Published by CATHERINE HERRIDGE, JESSICA KEGU
(Dave Metzler, CBS News)
Nearly two dozen veterans came forward after a CBS News story about children sickened at Camp Lejeune, describing a broken Veterans Affairs claims system. A CBS News investigation found doctors who lacked expertise in relevant medical fields and veterans who spent years in the appeals process.
The U.S. government acknowledges that from 1953 to 1987, nearly a million veterans and civilians were potentially exposed to dangerous chemicals in the drinking water at Camp Lejeune in North Carolina. In some areas, levels were 400 times what safety standards allowed.
Dave Metzler spent 34 months at Camp Lejeune in the late 1950s. He got out of the Marines as a sergeant in 1959, and a year later, he started having problems with his balance and stumbling — and then he lost his hearing, said his daughter, Patty Metzler.
A machine repairman at a GM plant in North Jackson, Ohio, Dave Metzler got too sick to work. His failing health was seen as a liability, she said.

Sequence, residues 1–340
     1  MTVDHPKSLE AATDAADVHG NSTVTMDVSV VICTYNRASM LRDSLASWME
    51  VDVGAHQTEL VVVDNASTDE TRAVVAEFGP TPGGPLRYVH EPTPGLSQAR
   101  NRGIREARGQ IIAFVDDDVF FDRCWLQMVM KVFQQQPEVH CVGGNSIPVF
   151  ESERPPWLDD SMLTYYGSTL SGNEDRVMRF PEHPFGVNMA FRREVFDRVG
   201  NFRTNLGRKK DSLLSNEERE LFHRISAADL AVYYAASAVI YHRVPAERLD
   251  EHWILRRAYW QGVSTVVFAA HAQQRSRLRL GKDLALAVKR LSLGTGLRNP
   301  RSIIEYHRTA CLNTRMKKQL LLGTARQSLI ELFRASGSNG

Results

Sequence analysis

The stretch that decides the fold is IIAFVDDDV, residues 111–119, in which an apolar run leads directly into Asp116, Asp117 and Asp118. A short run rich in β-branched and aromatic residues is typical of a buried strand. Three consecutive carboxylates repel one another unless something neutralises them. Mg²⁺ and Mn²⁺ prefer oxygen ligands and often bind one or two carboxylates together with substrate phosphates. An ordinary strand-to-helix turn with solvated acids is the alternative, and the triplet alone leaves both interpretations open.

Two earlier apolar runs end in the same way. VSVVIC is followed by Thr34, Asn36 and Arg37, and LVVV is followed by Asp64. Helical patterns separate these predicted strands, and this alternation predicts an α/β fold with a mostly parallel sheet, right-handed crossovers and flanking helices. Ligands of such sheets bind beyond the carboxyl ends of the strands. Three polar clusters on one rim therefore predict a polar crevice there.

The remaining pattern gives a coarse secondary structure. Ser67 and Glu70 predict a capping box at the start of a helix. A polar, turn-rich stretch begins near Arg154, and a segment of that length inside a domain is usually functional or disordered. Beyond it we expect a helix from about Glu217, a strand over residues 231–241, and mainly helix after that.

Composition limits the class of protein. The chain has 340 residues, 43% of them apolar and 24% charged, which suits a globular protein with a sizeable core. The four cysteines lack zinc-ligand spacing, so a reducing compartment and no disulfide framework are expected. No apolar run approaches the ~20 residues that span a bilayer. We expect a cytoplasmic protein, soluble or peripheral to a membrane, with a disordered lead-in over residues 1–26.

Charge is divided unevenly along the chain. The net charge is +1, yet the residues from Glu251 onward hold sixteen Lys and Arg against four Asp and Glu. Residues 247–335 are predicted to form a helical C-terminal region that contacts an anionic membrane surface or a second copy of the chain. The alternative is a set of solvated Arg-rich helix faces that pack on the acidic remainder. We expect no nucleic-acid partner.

"And I know that depressed him — I'm no longer the person to support my family," she said.
Dave Metzler filed a disability claim with the VA, arguing his neurological problems stemmed from his service at Camp Lejeune. If approved, the Metzlers would receive much-needed financial support.
He was denied in 2014 — and again in 2015.
"He did get depressed. He got angry," said Patty Metzler. "And he did attempt suicide once."
A little over a decade ago, veterans were first able to file disability claims related to the contaminated water , and the VA started using so-called "subject matter experts" in 2012 to review them. But the CBS News investigative team found some of those doctors lacked expertise in relevant medical fields.
Students at the Veterans Legal Services clinic at Yale Law School filed a lawsuit in 2016 on behalf of Camp Lejeune veterans who sought more information on the doctors who reviewed claims....
Read full article on CBS News.